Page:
Russia will come under heightened diplomatic pressure as the UN Security Council and European leaders hold emergency talks on Ukraine, after the seizure of Crimea created the worst East-West crisis since the Cold War.
The European Union summit in Brussels starts on Thursday, when leaders will meet with Ukraine's Prime Minister Arseniy Yatsenyuk, who took over after the overthrow of president Viktor Yanukovych in February following three months of deadly protests.
The EU on Thursday froze assets held by 18 Ukrainians accused of embezzlement, including ousted Moscow-backed Mr Yanukovych and his son Oleksandr.
As the EU discusses the crisis, 40 unarmed military personnel are expected in Crimea in a mission by the Organisation for Security and Co-operation in Europe to try to defuse tensions in the region.
Later, the 15-member United Nations Security Council will hold closed-door talks in New York - its fourth consultations on the subject since 28 February.
During an acrimonious round of emergency talks on Monday, Russia told other council members that Mr Yanukovych had asked Moscow to send troops to re-establish law and order in his country.
As a permanent member of the council, Russia holds veto power and can block the body's draft resolutions.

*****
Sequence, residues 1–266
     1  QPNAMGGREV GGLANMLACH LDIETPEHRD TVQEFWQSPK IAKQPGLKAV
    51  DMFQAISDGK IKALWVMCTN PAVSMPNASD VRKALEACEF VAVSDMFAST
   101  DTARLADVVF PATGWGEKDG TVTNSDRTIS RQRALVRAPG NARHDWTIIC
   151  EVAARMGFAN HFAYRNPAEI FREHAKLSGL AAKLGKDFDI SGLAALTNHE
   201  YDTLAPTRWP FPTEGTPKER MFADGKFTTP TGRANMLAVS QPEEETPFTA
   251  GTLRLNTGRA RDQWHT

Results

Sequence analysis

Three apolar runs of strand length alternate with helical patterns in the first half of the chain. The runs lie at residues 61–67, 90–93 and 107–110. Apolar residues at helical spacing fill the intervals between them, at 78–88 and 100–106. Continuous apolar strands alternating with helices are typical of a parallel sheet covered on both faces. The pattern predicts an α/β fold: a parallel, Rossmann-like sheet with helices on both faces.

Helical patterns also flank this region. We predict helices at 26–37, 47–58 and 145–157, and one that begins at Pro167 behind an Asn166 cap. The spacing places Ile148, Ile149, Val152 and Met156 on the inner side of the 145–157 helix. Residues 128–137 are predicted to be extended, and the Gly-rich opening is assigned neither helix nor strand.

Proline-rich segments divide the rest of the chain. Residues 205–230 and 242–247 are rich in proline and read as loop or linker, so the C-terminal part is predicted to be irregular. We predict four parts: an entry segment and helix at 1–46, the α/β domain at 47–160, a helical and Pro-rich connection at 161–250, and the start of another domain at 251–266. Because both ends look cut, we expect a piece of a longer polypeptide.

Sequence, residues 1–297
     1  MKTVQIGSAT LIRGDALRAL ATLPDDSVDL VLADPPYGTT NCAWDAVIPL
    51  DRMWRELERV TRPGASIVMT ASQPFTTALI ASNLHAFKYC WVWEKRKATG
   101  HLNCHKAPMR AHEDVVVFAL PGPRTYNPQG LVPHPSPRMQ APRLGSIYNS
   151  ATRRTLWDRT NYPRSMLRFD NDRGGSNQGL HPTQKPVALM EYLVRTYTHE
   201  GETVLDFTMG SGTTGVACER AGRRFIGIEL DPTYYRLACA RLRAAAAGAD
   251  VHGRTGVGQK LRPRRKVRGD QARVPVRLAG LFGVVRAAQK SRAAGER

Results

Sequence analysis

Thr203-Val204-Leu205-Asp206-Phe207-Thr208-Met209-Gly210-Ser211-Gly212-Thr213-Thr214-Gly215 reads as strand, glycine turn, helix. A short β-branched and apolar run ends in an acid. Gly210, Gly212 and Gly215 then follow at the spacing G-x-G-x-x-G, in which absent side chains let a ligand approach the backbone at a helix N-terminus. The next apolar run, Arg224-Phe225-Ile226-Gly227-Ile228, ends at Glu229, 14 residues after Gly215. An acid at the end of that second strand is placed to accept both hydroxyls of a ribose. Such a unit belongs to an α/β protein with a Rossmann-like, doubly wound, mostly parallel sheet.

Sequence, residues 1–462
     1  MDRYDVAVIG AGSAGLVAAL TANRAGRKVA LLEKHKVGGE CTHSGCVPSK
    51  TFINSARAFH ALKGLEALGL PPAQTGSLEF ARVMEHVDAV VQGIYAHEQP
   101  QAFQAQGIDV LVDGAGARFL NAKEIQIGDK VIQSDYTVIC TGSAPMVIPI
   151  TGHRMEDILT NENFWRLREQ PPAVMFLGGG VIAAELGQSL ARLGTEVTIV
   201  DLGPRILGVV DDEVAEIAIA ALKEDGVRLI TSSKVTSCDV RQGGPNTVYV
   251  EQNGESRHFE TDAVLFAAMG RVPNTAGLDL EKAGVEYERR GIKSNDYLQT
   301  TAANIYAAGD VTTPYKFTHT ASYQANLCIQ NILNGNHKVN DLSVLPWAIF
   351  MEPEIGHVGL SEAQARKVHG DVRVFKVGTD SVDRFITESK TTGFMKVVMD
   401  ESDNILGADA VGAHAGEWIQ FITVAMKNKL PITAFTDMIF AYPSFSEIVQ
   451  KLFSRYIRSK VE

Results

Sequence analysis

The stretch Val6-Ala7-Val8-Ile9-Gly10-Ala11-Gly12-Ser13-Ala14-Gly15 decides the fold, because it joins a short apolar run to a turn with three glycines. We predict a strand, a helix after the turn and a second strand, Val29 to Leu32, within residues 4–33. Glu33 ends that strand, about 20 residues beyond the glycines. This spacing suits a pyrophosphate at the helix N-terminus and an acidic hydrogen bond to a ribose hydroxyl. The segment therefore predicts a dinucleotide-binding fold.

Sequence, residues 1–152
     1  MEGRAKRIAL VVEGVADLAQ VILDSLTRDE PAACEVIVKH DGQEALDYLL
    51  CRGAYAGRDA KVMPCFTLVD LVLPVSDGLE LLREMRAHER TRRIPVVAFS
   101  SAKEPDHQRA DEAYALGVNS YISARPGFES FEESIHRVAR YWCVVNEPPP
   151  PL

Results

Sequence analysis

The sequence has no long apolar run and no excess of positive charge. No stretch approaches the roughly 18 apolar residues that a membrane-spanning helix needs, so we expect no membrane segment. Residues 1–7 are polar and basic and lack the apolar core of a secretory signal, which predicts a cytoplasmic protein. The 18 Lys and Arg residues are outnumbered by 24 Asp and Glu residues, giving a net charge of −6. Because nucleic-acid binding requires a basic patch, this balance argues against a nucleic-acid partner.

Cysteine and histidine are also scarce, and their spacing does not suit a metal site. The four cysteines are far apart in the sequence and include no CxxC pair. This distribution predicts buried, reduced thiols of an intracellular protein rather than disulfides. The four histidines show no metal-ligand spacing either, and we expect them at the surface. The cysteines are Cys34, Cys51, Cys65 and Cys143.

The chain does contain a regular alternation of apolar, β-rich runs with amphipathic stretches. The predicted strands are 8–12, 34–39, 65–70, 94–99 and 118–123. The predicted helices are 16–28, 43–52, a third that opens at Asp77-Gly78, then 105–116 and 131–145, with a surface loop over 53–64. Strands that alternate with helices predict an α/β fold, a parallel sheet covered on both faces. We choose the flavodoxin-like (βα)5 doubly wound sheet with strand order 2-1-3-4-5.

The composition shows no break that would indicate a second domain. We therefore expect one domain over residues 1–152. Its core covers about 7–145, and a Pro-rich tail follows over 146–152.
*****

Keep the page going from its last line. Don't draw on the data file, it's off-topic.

UN special envoy to Crimea Robert Serry was forced to cut short a visit when confronted by unidentified gunmen on Wednesday, but was expected to return to Kiev soon.
Pro-Russian forces entered and took over parts of a Ukrainian missile base on Wednesday, while a Ukrainian court ordered the arrest of Crimea's newly installed pro-Russian prime minister Sergiy Aksyonov for separatism.
Violent protests have also broken out in cities in mainly Russian-speaking eastern Ukraine, where several regional government buildings have been taken over by pro-Russian militants who have clashed with police.
However, US Secretary of State John Kerry said he was hopeful of a "de-escalation" in the stand-off on the eve of the EU summit after meeting Russian counterpart Sergei Lavrov, who pressed for early elections in Kiev.
Mr Yanukovych fled to Russia following a bloodbath in Kiev in which scores of protesters and police officers were killed and, although he insists he is the legitimate president, Moscow has signalled his time is over.
Western leaders have increased diplomatic pressure on Russia, with some threatening to boycott the G8 summit in Russia in June and NATO saying it will review a series of accords with Moscow.